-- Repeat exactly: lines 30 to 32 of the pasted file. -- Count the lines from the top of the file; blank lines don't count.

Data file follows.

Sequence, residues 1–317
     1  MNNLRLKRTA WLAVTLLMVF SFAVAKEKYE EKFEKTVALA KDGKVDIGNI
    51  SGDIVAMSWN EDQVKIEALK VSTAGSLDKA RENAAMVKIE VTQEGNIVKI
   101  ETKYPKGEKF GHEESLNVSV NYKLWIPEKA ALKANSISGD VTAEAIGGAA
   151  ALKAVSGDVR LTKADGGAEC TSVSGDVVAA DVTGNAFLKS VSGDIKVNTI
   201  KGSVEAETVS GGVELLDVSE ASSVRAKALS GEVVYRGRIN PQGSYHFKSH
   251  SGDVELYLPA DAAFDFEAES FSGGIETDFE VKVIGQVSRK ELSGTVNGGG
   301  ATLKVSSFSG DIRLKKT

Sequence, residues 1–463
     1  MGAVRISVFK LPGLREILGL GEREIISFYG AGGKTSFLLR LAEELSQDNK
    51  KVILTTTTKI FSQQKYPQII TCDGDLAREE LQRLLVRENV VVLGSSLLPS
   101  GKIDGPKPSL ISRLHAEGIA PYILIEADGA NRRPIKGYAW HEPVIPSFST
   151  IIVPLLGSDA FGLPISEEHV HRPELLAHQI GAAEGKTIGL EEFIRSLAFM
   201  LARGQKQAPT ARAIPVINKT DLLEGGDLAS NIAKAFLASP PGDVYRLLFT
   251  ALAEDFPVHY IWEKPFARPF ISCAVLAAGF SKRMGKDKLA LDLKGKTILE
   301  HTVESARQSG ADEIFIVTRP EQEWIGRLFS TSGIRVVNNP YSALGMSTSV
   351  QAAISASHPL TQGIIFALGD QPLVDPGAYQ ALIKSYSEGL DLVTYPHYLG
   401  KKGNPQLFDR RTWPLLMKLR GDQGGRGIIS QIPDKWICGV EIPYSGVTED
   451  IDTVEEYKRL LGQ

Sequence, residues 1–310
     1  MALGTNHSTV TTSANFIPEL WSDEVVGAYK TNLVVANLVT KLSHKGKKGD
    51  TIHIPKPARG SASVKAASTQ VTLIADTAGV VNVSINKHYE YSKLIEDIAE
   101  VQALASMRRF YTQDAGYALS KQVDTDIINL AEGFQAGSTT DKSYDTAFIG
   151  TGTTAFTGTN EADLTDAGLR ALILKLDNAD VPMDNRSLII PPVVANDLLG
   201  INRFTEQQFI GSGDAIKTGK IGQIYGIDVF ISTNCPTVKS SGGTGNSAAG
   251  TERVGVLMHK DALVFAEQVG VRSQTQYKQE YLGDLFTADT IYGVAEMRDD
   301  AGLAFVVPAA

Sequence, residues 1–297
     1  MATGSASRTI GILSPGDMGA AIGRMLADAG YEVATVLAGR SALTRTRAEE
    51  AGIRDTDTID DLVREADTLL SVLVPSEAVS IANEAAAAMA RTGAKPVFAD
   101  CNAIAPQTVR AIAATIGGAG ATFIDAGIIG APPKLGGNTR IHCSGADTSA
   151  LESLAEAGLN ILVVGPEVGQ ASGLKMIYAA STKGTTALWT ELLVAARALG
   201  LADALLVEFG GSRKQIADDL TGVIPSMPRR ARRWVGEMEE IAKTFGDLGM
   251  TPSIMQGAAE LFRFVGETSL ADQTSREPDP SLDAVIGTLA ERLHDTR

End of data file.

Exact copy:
    51  AGIRDTDTID DLVREADTLL SVLVPSEAVS IANEAAAAMA RTGAKPVFAD
   101  CNAIAPQTVR AIAATIGGAG ATFIDAGIIG APPKLGGNTR IHCSGADTSA
   151  LESLAEAGLN ILVVGPEVGQ ASGLKMIYAA STKGTTALWT ELLVAARALG